The honorary degree of Doctor of Science was conferred upon Gillian Beattie by the Chancellor the Hon Justice Kim Santow at the Faculty of Health Sciences graduation ceremony held at 9.30am on 30 March 2007.
Chancellor, I have the honour to present Gillian Beattie BSc for the conferring of the degree of Doctor of Science (honoris causa).
Gillian Beattie graduated from this university in 1961 with a BSc in Biochemistry/Microbiology. After a stint as a research technician at Hammersmith Hospital, London she moved to the United States to work first at the Salk Institute and later at the University of California, San Diego in the Cancer Center under the direction of Professor Kaplan. Upon his retirement in 1994, Gillian began to work with Professor Alberto Hayek, starting a new lab for pancreatic islet research at the Whittier Institute in La Jolla, California.
Although Gillian’s career at UCSD under Professor Kaplan was quite successful, undoubtedly her more important scientific contributions were evident as she entered the field of diabetes research. This was a brand new field for Gillian who, undaunted as always, visited Professor Claes Hellestrom in Sweden, at the time the leading islet research laboratory in Europe, to acquire the background methods then crucial to the type of research being entertained at La Jolla. Her expertise was immediately recognised by her colleagues and soon she became a true scientific partner in the discovery and further development of innovative research approaches to pancreas and islet differentiation and growth.
As can be seen in the more than 100 publications from this lab, Gillian left an imprint on all of them that quickly made her one of the more respected cell biologists in the field. Indeed, the national and international reputation of the lab rest heavily on Gillian’s work. She was instrumental in identifying and growing the cells that made it possible to maintain in culture immortalised human beta cell lines from fetal and mature cells. On her own initiative, she led the work on new ways to cryopreserve human islets, identify hepatocyte growth factor as the most important mitogenic agent in human beta cell replication and she was instrumental in several other discoveries, some the base of several patents currently under licensing by biotech companies, as well as eleven book chapters and many invited international presentations.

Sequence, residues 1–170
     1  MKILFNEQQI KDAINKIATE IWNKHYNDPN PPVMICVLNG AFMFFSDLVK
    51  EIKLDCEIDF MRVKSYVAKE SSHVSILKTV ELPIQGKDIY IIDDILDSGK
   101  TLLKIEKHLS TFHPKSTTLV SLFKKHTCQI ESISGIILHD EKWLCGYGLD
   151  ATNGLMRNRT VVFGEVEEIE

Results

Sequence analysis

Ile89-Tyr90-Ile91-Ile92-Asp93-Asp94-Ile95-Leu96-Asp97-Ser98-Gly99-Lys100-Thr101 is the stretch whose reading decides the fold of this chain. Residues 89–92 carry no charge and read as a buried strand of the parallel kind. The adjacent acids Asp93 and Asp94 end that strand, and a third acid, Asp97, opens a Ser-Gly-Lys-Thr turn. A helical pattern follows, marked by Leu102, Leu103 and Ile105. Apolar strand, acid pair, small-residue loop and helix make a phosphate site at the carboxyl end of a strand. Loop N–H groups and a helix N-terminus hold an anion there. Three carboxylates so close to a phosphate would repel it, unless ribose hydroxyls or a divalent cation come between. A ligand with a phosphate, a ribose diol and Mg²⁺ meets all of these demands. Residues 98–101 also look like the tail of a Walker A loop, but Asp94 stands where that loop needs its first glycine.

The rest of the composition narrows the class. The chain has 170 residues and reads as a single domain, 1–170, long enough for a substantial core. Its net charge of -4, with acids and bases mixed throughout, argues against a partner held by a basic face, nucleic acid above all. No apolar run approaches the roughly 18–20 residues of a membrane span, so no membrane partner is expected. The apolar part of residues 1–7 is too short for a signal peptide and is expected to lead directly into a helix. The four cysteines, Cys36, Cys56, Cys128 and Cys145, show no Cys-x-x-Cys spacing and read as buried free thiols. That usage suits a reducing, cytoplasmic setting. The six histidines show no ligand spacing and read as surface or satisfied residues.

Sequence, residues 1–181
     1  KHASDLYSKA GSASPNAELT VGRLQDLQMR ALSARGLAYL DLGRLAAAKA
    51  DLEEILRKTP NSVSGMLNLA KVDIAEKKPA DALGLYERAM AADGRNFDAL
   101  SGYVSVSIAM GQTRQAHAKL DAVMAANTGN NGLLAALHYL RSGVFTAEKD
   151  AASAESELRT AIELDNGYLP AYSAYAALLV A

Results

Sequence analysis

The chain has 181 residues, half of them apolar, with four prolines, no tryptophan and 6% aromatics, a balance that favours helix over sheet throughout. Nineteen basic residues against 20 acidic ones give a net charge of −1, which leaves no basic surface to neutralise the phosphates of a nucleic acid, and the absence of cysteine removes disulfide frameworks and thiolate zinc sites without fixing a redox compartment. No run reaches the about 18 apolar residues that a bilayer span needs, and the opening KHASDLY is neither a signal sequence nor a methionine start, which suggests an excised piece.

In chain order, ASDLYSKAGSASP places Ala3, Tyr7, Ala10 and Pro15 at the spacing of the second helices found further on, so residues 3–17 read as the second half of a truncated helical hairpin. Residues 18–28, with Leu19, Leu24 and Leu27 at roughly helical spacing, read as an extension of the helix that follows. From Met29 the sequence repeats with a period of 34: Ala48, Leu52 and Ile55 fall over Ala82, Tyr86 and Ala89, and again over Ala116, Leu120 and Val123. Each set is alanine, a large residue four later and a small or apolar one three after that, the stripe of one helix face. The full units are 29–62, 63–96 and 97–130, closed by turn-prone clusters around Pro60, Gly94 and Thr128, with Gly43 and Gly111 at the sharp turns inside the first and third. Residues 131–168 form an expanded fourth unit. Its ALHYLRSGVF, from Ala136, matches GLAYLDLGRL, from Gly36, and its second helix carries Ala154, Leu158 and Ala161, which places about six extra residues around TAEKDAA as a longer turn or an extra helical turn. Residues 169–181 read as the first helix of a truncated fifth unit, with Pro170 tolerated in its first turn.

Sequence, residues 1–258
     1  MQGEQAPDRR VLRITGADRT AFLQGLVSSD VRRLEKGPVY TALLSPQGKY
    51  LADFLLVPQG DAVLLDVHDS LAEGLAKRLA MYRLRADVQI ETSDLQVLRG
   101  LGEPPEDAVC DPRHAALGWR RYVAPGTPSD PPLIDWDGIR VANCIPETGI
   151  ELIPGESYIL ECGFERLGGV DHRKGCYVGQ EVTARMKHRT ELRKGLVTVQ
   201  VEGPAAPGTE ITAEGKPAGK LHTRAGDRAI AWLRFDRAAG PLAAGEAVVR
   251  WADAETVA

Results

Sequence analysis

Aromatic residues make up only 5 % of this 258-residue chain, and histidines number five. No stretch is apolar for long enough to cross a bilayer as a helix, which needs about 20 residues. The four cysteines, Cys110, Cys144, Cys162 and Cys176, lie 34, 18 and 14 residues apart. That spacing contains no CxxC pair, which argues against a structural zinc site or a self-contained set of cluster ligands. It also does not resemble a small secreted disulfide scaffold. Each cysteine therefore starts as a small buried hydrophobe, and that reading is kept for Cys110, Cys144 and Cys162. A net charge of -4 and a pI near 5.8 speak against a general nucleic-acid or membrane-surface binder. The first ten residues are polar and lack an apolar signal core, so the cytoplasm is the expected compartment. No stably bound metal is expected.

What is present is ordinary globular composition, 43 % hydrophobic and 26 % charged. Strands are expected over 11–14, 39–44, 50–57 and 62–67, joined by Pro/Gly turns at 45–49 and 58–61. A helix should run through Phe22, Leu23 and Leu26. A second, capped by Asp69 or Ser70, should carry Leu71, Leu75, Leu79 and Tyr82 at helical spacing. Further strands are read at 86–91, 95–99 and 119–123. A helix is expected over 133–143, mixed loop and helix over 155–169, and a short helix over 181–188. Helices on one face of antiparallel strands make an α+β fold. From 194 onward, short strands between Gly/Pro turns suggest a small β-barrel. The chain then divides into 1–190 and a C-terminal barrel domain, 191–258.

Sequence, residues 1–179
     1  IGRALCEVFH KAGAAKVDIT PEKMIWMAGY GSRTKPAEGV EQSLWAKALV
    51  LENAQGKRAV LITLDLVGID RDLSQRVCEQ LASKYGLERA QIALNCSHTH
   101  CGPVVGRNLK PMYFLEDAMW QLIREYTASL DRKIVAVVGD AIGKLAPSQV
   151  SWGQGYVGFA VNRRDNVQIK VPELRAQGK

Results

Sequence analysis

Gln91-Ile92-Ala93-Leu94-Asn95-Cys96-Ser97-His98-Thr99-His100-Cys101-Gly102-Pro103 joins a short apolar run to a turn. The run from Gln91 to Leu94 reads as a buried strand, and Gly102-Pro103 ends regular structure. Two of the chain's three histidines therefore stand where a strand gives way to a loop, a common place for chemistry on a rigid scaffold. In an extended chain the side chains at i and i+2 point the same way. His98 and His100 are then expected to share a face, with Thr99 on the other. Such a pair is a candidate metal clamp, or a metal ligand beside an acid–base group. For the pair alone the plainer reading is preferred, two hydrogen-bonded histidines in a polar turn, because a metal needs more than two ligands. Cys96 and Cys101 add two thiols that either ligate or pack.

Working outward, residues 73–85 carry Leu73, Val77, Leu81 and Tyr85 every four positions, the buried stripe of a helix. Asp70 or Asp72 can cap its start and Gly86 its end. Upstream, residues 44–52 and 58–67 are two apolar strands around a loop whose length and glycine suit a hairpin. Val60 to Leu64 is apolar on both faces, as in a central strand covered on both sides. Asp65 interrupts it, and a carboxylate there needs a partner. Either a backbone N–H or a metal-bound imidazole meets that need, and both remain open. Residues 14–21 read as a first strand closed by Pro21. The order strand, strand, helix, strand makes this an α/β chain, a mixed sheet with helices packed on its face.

Up until the last days before her retirement, Gillian was busy with protocols to assess the differentiation of the embryonic cells into insulin-producing cells. Upon her retirement from UCSD, Gillian has been named as a research consultant to the Islet Research Laboratory at the Whittier Institute since her expertise is extremely valuable to the field and to diabetes research in general.
Every student and research fellow that trained in this laboratory was influenced by Gillian. She patiently taught the uninitiated, improved the experienced and always helped young minds developing their own projects to make them viable for publication.
Gillian’s record of first author papers in cutting edge research is quite remarkable considering that she did not follow the normal path of Ph.D. degree research. Anyone who knows her is aware of the level of intellectual excitement, not to say ferment she brings to her research activities.
Gillian has all the attributes of a great researcher: a great mind, superb technical skills and a commitment to pursue new ideas that are so difficult to encounter in a single person. During her 20 years in the lab she provided the best example of what a stellar academic member should be like in an environment where good, solid and reproducible research is the benchmark of excellence.
Chancellor, I have great pleasure in presenting to you, for admission to the degree of Doctor of Science (honoris causa), scholar, educator and great researcher, Gillian Beattie BSc.